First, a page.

This was a monster trout that has to have been at least 5 pounds and I’m estimating it at 24 inches in length (using my rod for comparisons). Easily the biggest trout I’ve ever caught. I quickly snap a few pics (sure wish someone was there to take a picture of me WITH the fish) and get it back in the water. I revive it and ensure it swims away safely…hopefully he’ll be there for someone else to catch another day. I tell you what though, I bet it won’t be snapping at any gold/copper kreelex flies ever again 😀

Not sure how I’m going to top that one. I continue to fish and enter a wooded area that reminded me more of a Virginia brook trout stream….and I proceeded to fish it like one. I lost several kreelex flies and even a wooly bugger to over hanging limbs and branches and didn’t see any fish. I exited the wooded area and came to about a 1/4 miles stretch of stream improvements the Massanutten Trout Unlimited chapter has done. Let me tell you, the stream looks FANTASTIC. I didn’t see any fish holding in this section today, hopefully when the water warms up the fish will spread out. There are tons of log jams, mid stream boulders, k-dams, etc in this stretch…it definitely looks the part of trout water. I wish I would have taken more pictures here, TU really did an amazing job.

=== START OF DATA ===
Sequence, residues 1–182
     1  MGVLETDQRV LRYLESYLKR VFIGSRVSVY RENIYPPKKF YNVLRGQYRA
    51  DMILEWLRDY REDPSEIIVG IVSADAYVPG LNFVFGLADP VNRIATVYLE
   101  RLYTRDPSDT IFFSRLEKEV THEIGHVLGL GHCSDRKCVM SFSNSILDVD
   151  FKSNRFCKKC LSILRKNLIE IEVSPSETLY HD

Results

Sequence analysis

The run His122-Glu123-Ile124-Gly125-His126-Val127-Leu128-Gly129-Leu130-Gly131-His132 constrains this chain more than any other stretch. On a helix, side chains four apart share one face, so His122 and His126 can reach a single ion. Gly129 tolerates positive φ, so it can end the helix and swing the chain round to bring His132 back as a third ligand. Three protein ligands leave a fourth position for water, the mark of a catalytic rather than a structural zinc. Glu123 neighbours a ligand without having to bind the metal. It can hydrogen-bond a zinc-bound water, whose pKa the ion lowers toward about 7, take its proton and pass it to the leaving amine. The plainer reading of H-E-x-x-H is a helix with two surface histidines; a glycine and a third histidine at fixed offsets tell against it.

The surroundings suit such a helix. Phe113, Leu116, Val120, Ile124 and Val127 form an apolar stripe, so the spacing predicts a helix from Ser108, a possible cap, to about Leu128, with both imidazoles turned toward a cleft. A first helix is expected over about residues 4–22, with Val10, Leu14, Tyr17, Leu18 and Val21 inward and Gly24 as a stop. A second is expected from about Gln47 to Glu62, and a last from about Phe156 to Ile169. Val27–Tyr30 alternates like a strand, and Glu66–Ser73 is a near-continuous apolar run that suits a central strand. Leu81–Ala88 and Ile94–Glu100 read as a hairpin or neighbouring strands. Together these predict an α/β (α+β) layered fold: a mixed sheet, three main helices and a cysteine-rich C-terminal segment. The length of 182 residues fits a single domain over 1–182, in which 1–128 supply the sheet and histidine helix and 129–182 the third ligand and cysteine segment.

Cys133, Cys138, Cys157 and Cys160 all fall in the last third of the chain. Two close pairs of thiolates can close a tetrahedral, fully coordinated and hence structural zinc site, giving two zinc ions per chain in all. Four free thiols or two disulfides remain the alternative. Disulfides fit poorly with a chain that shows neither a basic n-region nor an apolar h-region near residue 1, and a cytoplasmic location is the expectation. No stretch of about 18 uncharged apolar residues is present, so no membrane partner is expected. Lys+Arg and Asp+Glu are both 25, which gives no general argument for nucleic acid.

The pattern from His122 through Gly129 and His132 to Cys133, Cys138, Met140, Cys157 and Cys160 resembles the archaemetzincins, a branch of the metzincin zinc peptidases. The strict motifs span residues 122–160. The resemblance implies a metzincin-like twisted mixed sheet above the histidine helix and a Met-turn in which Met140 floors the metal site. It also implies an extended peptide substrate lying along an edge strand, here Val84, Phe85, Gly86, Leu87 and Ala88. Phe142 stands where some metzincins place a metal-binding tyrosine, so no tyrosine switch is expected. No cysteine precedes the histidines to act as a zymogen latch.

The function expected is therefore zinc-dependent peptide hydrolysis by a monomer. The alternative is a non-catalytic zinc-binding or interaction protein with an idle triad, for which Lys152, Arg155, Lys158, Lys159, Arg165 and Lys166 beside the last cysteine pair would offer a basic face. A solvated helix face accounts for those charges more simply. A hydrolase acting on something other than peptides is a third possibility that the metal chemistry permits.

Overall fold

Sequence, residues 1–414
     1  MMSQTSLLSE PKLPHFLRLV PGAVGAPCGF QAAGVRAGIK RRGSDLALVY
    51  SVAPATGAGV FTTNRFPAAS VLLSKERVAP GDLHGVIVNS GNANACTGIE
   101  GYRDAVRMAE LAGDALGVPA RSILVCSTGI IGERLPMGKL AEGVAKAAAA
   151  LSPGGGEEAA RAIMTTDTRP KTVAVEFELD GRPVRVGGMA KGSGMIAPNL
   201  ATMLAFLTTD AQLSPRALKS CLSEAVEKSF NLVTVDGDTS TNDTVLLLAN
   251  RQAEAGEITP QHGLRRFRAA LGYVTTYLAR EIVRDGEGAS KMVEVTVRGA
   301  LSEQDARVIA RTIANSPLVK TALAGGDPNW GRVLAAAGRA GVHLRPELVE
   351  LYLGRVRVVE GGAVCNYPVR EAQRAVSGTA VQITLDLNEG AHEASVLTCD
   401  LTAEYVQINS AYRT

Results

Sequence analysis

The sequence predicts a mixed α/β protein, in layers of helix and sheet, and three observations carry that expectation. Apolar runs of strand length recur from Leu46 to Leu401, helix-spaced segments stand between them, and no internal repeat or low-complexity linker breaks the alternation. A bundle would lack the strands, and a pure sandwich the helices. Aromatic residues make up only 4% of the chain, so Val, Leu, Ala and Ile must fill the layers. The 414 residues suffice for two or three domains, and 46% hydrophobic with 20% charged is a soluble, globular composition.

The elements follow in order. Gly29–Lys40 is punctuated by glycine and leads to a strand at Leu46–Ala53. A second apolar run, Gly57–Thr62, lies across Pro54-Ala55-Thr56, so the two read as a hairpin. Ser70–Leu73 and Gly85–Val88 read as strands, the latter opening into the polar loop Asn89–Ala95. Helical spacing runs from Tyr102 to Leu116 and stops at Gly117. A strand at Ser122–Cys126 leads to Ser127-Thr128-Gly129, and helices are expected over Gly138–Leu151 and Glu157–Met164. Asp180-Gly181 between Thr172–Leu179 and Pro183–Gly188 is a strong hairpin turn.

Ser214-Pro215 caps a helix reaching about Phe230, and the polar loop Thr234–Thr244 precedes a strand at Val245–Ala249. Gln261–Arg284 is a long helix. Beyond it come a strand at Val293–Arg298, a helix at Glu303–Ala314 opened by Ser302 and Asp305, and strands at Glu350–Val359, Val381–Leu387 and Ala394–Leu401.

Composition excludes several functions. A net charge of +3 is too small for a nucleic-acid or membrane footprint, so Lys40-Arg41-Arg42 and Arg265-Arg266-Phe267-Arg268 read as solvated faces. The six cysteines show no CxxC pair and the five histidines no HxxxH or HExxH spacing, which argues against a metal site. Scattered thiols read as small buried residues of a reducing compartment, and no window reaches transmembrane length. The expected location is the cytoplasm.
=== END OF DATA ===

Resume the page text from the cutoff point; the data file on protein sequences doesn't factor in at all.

I finished the day at about noon and head back to the Ottobine Country Store for some lunch. I bought what is one of the best ham and cheese subs I’ve ever eaten for $4.50. If you fish Beaver Creek, do order lunch here. It’s awesome.

On a small side note, after I finished up I headed over to Mossy Creek to finish my day. There were 2 anglers parked at Route 42 and 4 anglers parked at the church. Coupled with the strong wind that blew in during the morning, there was nothing doing at Mossy. I did manage to catch another 12″ fallfish…damn creek chubs.

Picasa album of Beaver Creek.